Floriography – send messages using the Victorian language of flowers



Send coded messages like the Victorians using floriography in a nosegay or tussie-mussie. Here’s how…

Plants and fungi may be limited to communication via chemicals, but that’s okay, because we humans created a language for them! Meaning has been attributed to different sorts of vegetation since the Druids harvested mistletoe to use in their Winter Solstice rituals. Flower symbolism has been around through the middle ages and Renaissance when flowers were given moral meanings and included in religious art. Yet floral language – or floriography – had its heyday in the Victorian era.

Floriography is not quite as wildly popular today. The modern person would probably wonder why there was wheat in a bouquet rather than thinking ‘ah! This means wealth and prosperity!’ However, floriography still has a more-than-modest following. The meaning behind some flowers, like red roses, are almost globally-known – and florigraphy itself is a pretty worldly thing. The language of flowers used in the Western world originated in the Turkish empire and was brought to Europe by Lady Mary Wortley Montague, the wife of English ambassador to Constantinople in the 1700s. Lady Montague is more commonly known for her support of women’s rights and authoring the first secular work by a woman about the Muslim Orient!

Flowers, long held as a symbol of love, became a way for lovers to send secret messages to each other in the strait-laced Victorian era. Madam Charlotte de la Tour (the pen-name of Louise Cortambert) wrote something of the ‘official dictionary’ of flower meanings in 1819. While not easily available in print, Madam Tour’s book The Language of Flowers was influential enough for it to have been made available in free, digital archived form.

A second language for flowers, hanakotoba, originated in Japan, most likely at the same time – if not before – the Turks were sending messages via blossoms. Hanakotoba also most likely originated in the same way as the Turkish floriography. Meanings were assigned to flowers based on the physical nature of the plant, such as where it grew, when it bloomed, and what its petals looked like. Flower meanings were also derived from mythology and words that the name of the flower resembled. The flowers appearing in kimono motifs and on greeting cards often are carefully picked so as to correspond with appropriate meanings in the hanakotoba system. Some Japanese feel that, beginning after the second world war, Western floriography has been becoming more and more common among younger generations. However, traditional Japanese flower language is used in many films and animations, such as the hit anime WeiƟ Kreuz, which features assassins working at ‘The House of Kittens’ flower shop.

In both the East and the West, it was considered horribly unmannerly for one to openly tell their lover how they felt, and this emotional reticence led to floriography’s popularity. The Victorians carried floriography a step further and used flowers to convey all manner of sentiments, from the deep to the trivial. The list presented here is just a taste of the banquet of bouquets.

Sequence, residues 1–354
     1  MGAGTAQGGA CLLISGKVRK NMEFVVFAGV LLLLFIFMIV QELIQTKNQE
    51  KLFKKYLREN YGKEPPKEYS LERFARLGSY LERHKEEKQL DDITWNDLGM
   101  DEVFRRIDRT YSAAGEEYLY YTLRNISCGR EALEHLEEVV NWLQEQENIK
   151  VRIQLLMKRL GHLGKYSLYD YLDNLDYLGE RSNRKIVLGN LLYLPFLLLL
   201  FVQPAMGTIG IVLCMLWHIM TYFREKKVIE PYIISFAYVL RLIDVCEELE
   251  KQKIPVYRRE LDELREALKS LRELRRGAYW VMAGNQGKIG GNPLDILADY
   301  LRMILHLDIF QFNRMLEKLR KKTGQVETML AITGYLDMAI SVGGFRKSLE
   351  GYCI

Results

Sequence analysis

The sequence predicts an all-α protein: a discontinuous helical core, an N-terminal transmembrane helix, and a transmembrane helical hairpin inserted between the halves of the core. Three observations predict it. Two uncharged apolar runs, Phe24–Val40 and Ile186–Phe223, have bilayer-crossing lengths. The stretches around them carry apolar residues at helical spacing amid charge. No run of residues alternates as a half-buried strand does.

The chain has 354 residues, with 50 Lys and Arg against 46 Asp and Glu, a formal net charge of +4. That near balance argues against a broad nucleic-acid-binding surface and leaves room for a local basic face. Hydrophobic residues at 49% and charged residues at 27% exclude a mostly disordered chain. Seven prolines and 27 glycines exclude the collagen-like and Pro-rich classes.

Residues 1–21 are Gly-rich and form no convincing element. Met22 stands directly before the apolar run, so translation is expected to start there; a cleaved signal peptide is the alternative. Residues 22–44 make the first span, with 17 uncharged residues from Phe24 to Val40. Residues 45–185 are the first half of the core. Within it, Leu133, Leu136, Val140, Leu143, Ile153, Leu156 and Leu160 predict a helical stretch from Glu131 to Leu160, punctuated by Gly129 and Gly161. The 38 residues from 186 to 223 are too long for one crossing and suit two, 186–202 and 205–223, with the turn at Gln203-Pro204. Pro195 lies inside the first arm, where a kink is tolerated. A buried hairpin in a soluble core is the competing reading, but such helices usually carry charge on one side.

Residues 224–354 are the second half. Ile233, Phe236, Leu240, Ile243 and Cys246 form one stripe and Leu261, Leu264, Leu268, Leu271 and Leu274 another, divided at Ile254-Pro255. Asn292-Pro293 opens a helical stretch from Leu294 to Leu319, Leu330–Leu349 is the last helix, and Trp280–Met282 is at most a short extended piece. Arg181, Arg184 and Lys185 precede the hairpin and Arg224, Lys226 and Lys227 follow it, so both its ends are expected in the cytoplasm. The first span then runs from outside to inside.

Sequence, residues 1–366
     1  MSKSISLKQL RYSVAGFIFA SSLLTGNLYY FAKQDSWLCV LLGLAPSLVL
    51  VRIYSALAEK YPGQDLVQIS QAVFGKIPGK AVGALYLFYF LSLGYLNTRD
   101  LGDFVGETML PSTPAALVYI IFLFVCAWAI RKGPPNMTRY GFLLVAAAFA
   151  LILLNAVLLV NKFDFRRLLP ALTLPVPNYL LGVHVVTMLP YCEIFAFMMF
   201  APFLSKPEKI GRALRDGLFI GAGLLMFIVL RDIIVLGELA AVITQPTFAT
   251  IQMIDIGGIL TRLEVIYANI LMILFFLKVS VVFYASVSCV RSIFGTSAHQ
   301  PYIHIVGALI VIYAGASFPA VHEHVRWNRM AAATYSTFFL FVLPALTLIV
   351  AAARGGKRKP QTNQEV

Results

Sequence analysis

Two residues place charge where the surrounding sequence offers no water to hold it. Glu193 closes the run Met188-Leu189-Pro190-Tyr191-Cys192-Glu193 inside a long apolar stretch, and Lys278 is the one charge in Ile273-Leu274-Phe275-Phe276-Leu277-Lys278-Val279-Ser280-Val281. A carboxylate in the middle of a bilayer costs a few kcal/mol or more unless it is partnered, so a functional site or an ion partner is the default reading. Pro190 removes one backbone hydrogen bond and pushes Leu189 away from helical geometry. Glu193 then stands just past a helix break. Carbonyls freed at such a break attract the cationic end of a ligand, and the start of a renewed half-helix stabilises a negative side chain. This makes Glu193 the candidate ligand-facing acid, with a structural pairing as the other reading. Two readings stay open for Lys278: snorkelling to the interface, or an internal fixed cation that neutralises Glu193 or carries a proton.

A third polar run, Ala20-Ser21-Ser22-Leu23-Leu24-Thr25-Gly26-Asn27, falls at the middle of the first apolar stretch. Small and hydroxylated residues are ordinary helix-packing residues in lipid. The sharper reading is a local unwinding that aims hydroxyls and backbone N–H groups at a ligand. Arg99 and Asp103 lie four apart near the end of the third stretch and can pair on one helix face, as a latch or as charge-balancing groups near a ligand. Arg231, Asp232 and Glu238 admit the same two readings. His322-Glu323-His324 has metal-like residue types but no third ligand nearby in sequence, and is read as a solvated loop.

Flower meanings in Victorian floriography

  • Aloe – Grief
  • Almond – Promise
  • Balsamine – Impatience
  • Bellflower – Thinking of you
  • Daisy – Innocence
  • Grass – Submission
  • Ivy – Dependence
  • Lavender – Devotion or Distrust
  • Lime Blossom – Fornication
  • Lotus – Chastity
  • Marigold – Pain
  • Mint – Suspicion
  • Oak Leaves – Strength
  • Pear Blossom – Lasting friendship
  • Poppy – Eternal Sleep or Imagination
  • Thistle – Nobility
  • Violet – Modesty
  • Witchhazel – A Spell

Additionally, each day of the year has its own flower in floriograph culture with both Western and Eastern variants.

Floriography methods

Floriographic messages can be sent in bouquets or secretly planted in the recipient’s lawn, but the traditional Western method is through something known as the nosegay, posey or tussie-mussie. Tussie-mussies are, more or less, miniature flower bouquets wrapped in a lace doily and tied with ribbons or, as was popular in the late Victorian era, placed in an elegant silver holder. The ideal posey is small enough to be carried as a fashion accessory, but large enough to contain the variety of flowers needed to convey a complete message. The art of flower appreciation and the making of nosegays was taught at finishing schools so that young ladies of the day could both make and decipher bouquets.

Hpow to make a basic Victorian nosegay:

1. Trim down extra leaves from the flowers so you can work with the stems.

2. Start by holding the flower(s) you want to be the centre of your bouquet, usually the largest and brightest ones.

3. Add a circle of filler flowers around the centrepiece.

4. Repeat step three as desired, using smaller flowers each time.

5. Wrap large leaves around the bottom of the arrangement, making sure they are just low enough to frame the flowers.

6. Wrap floral (or scotch or electrical or duct) tape around the entire arrangement. If you’re using silk flowers for an everlasting bouquet, hot glue is a very effective substitute.

7. Add a lace doily, ribbons, Victorian charms, faux pearls, or whatever else you want.

8. Give your Victorian nosegay to someone special!